Just wanted to say "Thanks" for the super service. Last week I placed my first order with you, to be delivered to my granddaughter in Arkansas. Since I live in Oregon, I don't get to see her very often, but we share a love of crafting & she frequently asks me to send her supplies that her dad can't find in their small town, you can be sure that I'll be send her more from your site in the future! Thank you again for your exceptional service!

Darlene Jasper, OR

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Styles & Periods
African Art

The term "African art" encompasses the various artworks of more than 50 distinct nations and a period of more than a millennium. Africa includes cultures that have been non-literate up until a few generations ago, and those who have been reading and writing Arabic for nine hundred years. The African landscapes range from arid deserts to lush river valleys. Many African cultures prefer a nomadic or semi-settled lifestyle; others have erected large palaces - such as those in 16th century Benin. African arts exhibit no less variety. Rock art has been produced in Africa from 25,000 B.C.E. up to the 19th century. Textiles, scarification, jewelry, painting, sculpture, architecture, and festival arts (such as masquerade) all have an established place in the African arts arena. Art-making is commonly divided along gender lines, though collaborative art is usual as well, and the accomplishments of individual artists, while recognized, are generally not given as much prominence as in the West. Another commonality among the diversity of African art is its primacy in African cultures. Rather than serving merely to adorn, arts in Africa are part of the ideology and cultural construction of societies. A distinction is seldom made between the so-called "fine" and "applied" arts; indeed, most African languages have no word for "art" as it is expressed in the West, indicating the seamless integration of art into the lives of African peoples. "Objects" of art in Africa derive meaning, even as they imbue meaning, contextually; the way a mask, for example, is perceived will change drastically depending on the perspective of the viewer as spectator, wearer, buyer or collector.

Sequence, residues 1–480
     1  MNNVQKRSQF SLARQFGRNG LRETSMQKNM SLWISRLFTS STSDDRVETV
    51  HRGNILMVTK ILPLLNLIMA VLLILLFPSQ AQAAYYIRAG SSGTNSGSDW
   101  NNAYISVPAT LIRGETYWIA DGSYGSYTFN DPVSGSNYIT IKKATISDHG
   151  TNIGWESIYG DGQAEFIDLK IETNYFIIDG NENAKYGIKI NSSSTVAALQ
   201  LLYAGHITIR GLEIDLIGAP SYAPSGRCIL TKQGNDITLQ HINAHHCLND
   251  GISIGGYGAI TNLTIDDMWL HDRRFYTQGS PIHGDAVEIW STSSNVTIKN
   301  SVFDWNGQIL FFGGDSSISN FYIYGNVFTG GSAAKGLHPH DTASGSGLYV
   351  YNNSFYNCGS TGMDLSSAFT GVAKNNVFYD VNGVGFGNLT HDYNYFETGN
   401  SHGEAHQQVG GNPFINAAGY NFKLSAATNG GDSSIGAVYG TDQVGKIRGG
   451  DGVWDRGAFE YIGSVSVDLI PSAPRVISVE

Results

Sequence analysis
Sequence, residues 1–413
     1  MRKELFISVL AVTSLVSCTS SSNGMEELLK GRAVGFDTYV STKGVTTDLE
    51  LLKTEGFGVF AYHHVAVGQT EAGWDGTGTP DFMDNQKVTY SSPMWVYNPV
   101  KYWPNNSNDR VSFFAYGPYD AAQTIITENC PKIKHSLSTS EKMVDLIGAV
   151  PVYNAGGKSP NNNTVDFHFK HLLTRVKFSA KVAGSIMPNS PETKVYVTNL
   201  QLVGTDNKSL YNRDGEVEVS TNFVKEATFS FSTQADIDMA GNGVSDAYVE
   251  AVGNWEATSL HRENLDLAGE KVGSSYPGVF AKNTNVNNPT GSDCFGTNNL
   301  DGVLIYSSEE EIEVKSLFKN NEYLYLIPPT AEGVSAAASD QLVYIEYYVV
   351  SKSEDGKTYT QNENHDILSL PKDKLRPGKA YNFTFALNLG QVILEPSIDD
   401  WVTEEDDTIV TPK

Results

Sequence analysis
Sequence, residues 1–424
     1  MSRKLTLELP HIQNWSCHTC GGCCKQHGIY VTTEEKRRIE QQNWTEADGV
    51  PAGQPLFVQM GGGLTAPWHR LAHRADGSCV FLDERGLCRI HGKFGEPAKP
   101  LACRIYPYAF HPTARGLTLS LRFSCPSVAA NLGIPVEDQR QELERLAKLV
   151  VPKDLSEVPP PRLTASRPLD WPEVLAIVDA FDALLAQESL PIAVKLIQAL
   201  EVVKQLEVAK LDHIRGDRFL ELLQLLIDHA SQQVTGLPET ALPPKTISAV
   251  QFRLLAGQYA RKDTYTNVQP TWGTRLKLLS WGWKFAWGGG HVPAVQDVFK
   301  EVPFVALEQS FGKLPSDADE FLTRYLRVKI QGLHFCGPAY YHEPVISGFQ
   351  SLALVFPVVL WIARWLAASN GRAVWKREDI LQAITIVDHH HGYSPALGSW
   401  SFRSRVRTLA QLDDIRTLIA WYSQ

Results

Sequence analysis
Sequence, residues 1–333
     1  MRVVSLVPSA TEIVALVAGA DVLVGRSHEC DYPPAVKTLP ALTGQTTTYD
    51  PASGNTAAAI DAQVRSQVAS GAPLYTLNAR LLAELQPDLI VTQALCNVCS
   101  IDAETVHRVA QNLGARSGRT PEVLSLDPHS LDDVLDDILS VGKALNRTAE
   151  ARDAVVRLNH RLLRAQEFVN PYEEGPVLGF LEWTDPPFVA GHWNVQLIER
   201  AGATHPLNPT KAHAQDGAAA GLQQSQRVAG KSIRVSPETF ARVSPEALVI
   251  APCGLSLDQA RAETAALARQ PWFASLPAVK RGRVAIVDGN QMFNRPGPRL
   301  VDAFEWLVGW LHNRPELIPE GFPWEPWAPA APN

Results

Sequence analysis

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I agree with Debbie P. This paint looks terrible on glass. Streaks, different colors. I'm attempting to paint a State Seal on stained glass to make a badge for my son and at the rate it's going it will be 2 years before it's painted good enough to use. Everything she said about the brush stroked and overlapping areas is true for me. Not a happy camper with this product.
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